The U.S. Fifth Circuit Court of Appeals rejected Chinese technology company Huawei’s appeal seeking to overturn its Trump-era ‘national security threat’ designation to receive federal government communications grants. The ruling will keep the company on the ‘blacklist’ as long as it maintains ties to the Chinese communist regime.

In late June 2020, the Federal Communications Commission (FCC) designated telecommunications companies Huawei and ZTE as “national security threats,” barring them because of their ties to the Chinese Communist Party from accessing government subsidies to build communications infrastructure.

Ajit Pai chairman of the Trump administration’s FCC stated when the announcement was made in the summer of 2020:

“With today’s Orders, and based on the overwhelming weight of evidence, the Bureau has designated Huawei and ZTE as national security risks to America’s communications networks—and to our 5G future.”

“Both companies have close ties to the Chinese Communist Party and China’s military apparatus, and both companies are broadly subject to Chinese law obligating them to cooperate with the country’s intelligence services. … We cannot and will not allow the Chinese Communist Party to exploit network vulnerabilities and compromise our critical communications infrastructure,” the official added.

In February of this year, with the new Biden administration certainly being more lenient on China, Huawei filed an appeal in the Fifth Circuit Federal Court, seeking to overturn the ‘national security threat’ designation to regain funding from the federal government.

In its argument, the company said the communications agency’s designation “exceeds the FCC’s statutory authority, violates federal law and the Constitution, is arbitrary, capricious, and an abuse of discretion, and not supported by substantial evidence.”

In its ruling, the court composed of one Bush-era and two Trump-era judges, the justices authoritatively rejected the Chinese company:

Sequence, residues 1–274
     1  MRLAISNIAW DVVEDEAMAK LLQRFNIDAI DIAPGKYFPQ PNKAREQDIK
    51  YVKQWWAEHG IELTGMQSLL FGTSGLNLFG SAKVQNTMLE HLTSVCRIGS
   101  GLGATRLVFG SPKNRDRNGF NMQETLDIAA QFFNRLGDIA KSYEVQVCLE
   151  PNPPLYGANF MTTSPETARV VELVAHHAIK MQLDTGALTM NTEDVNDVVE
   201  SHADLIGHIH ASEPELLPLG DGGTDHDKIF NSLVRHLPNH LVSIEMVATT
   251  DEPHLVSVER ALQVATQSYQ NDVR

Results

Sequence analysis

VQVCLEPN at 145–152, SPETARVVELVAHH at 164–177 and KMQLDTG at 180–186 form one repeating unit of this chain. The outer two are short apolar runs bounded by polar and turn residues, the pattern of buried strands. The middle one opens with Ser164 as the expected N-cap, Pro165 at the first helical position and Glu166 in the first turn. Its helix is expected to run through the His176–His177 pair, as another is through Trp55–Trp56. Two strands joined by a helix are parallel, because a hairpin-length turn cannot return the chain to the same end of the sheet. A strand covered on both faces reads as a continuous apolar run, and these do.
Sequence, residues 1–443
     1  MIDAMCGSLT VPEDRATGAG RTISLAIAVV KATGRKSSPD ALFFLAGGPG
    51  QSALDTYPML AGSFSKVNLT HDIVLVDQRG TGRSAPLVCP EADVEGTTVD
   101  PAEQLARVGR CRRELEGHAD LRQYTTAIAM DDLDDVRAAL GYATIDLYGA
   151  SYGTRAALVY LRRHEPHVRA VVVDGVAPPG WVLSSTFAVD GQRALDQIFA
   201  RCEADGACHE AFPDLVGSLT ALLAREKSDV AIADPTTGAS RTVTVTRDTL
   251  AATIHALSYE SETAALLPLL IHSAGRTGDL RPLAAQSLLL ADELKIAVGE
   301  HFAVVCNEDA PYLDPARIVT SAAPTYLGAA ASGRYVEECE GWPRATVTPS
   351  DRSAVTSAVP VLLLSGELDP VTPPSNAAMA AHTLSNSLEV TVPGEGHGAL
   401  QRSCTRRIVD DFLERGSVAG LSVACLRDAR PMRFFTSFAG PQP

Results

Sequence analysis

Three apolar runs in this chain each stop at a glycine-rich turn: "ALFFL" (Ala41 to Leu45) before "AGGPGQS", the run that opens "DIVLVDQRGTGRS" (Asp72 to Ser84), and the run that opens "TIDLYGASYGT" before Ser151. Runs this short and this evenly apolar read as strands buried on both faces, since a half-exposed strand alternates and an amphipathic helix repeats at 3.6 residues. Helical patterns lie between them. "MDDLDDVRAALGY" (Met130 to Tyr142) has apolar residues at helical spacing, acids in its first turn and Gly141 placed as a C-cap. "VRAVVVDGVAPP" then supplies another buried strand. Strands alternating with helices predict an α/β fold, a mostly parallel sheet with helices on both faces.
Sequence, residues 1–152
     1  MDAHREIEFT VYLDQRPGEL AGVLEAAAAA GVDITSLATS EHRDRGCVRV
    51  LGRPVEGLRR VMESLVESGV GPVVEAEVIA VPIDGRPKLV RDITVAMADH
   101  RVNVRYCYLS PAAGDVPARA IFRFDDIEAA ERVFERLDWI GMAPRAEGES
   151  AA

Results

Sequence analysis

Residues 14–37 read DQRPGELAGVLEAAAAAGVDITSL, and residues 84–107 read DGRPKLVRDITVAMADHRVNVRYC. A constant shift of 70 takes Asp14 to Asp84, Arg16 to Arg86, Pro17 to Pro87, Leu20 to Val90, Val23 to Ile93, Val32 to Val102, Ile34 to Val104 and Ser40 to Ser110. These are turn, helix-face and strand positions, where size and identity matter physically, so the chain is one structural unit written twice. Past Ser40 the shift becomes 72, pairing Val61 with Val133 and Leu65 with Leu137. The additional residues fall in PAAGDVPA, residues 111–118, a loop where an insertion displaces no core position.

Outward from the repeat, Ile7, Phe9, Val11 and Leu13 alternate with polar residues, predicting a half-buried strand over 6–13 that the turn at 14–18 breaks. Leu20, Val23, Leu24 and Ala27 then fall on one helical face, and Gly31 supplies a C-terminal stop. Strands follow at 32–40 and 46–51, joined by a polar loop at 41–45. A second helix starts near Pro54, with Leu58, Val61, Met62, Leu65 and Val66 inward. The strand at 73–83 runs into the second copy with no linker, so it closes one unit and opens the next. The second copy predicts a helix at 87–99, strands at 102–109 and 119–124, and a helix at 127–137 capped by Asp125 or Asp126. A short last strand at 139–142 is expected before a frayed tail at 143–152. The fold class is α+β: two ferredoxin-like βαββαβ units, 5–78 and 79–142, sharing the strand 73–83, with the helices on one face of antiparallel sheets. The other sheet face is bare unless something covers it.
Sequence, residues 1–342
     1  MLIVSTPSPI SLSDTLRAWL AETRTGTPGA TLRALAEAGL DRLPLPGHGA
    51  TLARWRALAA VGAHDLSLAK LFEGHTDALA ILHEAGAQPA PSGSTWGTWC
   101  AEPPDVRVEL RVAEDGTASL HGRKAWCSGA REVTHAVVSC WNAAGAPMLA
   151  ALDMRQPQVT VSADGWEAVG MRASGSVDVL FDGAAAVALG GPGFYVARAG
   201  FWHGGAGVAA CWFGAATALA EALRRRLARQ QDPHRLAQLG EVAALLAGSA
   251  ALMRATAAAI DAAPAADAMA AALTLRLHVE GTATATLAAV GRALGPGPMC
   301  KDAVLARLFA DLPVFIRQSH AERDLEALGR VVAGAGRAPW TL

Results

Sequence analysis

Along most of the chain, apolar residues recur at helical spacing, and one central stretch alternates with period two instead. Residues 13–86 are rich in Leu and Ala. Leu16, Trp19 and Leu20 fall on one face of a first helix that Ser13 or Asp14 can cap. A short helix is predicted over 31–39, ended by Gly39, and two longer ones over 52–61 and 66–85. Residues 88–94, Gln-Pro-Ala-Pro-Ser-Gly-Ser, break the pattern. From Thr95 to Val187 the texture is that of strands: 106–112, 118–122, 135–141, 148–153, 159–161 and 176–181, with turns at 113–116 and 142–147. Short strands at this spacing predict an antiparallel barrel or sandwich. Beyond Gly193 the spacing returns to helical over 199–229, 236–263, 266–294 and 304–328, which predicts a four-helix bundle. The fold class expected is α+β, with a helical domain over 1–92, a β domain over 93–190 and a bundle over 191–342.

“The FCC deals with national communications, not foreign relations. It is not the Department of Defense, or the National Security Agency, or the President. If we were convinced that the FCC is here acting as ‘a sort of junior-varsity [State Department]’ … we would set the rule aside. But no such skullduggery is afoot.”

“Assessing security risks to telecom networks falls in the FCC’s wheelhouse. And the agency’s judgments about national security receive robust input from other expert agencies and officials. We are therefore persuaded that, in crafting the rule, the agency reasonably acted within the broad authority Congress gave it to regulate communications,” the ruling explains.

With the federal court’s decision, Universal Service Fund subsidies of $8.3 billion annually may not be used to purchase, obtain, maintain, maintain, improve, modify or support any equipment or services produced or provided by Huawei.

Huawei employees with connections to Chinese military intelligence agencies

As early as 2019, a Henry Jackson Society report revealed that at least 100 Huawei employees worked as agents within China’s Ministry of State Security, projects with the Chinese People’s Liberation Army (PLA), and a military unit linked to a cyberattack on U.S. companies.

Given the nationalist profile of former President Donald Trump, the presence of these Chinese companies spying for the communist regime were hit hard with sanctions, bans to the point where their shares went down and they had large economic losses.